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Fun and a hole, all in one
Next time youre at a football game, familiarize yourself with the game of cornhole
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Jeromie Gilmer sets up his cornhole game. - photo by Tom Reed

Throwing a corn-filled bag into a hole doesn’t seem all that exciting.

But mix this corn-toss game with a bunch of friends and maybe a cold beverage and you have a game that may become addicting.

The game cornhole has been popping up all over college campuses, tailgate parties, NASCAR races and in front yards for the past few years in the South, according to Mike Whitton, the creator of the American Cornhole Association.

"It started in Cincinnati, the best we can determine, but there are many, many displaced (Ohio State University) Buckeyes that live everywhere, particularly the I-75 corridor," Whitton said. "It has really spread through the Sun Belt — Florida, Georgia, Alabama and the Carolinas, Tennessee ... it is just wildly popular."

Whitton and his sons created the American Cornhole Association about five years ago after a family reunion in Ohio.

"I went back to Ohio for a family reunion in 2004," Whitton said. "My nephew called me and he said, ‘Uncle Mike, we are having a family reunion, so come back and we’ll play cornhole.’ And I told him ‘I don’t know you that well, son.’"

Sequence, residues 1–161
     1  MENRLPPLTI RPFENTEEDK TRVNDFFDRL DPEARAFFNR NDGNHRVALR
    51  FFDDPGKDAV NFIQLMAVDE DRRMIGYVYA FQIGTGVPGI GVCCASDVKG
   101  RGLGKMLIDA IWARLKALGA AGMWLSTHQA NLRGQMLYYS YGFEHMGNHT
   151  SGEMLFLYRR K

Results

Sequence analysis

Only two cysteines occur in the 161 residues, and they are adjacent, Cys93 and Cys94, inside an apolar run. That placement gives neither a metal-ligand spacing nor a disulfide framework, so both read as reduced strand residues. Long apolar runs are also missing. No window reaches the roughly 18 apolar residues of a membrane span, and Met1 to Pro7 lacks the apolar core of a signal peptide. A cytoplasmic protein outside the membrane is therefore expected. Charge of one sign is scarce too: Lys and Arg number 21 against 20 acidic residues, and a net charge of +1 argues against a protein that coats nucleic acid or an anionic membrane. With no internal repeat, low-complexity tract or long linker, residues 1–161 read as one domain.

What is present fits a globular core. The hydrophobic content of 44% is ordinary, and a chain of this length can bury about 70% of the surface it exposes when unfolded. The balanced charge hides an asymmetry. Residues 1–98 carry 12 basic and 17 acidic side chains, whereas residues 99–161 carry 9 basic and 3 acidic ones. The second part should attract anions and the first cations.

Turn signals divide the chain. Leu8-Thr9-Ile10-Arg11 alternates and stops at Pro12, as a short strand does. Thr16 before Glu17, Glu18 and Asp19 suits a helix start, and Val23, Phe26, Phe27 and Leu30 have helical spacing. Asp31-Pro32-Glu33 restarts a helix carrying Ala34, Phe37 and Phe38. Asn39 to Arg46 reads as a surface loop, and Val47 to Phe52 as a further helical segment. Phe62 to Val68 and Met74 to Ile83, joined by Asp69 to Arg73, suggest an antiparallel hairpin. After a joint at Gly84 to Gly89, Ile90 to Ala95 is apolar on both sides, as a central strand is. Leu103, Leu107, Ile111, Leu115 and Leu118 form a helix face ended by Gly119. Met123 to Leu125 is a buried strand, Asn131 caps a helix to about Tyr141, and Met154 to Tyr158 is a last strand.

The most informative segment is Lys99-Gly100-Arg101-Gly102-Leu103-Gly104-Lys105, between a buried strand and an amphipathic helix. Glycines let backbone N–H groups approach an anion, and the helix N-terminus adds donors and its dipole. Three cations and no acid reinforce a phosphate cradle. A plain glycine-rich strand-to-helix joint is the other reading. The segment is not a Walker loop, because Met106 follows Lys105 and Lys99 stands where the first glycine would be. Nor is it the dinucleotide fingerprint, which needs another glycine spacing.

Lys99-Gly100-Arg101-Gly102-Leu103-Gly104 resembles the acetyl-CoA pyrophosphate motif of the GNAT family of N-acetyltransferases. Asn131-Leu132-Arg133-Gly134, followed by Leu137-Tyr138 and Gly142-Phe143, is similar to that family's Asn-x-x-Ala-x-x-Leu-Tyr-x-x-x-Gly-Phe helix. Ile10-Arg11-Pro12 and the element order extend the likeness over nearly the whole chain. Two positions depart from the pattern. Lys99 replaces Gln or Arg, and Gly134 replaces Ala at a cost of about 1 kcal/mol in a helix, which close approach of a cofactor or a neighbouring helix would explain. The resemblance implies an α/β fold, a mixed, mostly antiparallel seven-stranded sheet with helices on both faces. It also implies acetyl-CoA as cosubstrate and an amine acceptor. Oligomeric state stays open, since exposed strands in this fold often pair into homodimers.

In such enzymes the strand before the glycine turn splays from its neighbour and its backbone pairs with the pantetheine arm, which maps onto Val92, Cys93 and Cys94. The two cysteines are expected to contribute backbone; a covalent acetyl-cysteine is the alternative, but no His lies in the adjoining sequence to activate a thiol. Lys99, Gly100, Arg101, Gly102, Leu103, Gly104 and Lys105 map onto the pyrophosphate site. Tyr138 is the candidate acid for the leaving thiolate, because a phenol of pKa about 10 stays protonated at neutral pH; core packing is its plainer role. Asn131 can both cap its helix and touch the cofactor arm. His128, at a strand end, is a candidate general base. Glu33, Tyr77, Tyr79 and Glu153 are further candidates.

At the family reunion, cornhole quickly became an addiction among the men.

"My sons and I played all night, literally ... until about 7 a.m. the next morning," Whitton said. "We thought if the rules were just the same from place to place it would be really great."

You have probably seen the game played at a sporting event — namely University of Georgia football games — but didn’t realize it had a name.

Or, you’re still wondering — what the heck is this?

"A buddy of mine in Albany had one, and we were together with a bunch of college guys for the weekend and he brought it and I became a cornhole fan," said Jeromie Gilmer, who has been playing the game for two years now.

"Then my wife got me one for my birthday last year — I painted it red and black."

Cornhole is played for a certain number of innings individually or with a doubles partner.

"I think it is just about the camaraderie," Gilmer said. "Most times unfortunately drinking beer and hanging out with the guys, it’s like horseshoes or anything else — just something to pass the time when you are hanging out."

Cornhole is similar to horseshoes except you use wooden boxes — called cornhole platforms — and corn bags instead of horseshoes and metal stakes.

Contestants take turns pitching their corn bags at the cornhole platform until a contestant reaches the score of 21 points. A corn bag in the hole scores three points, while one on the platform scores one point, according to http://www.playcornhole.org/.

Cornhole platforms are available on eBay, www.hillbillygames.com or if you e-mail Whitton through the American Cornhole Association Web site he will send you instructions on making you own game at home.

"It can be a drinking game; the kids at a lot of the colleges have started playing it the way you play beer pong ... if you don’t get any points on the board you have to take a drink," Whitton said.

So, you might as well familiarize yourself with the game, Gilmer added; he’s seen an uptick in people playing it recently.

"You can’t go to a football game or a NASCAR race and not see a man playing."

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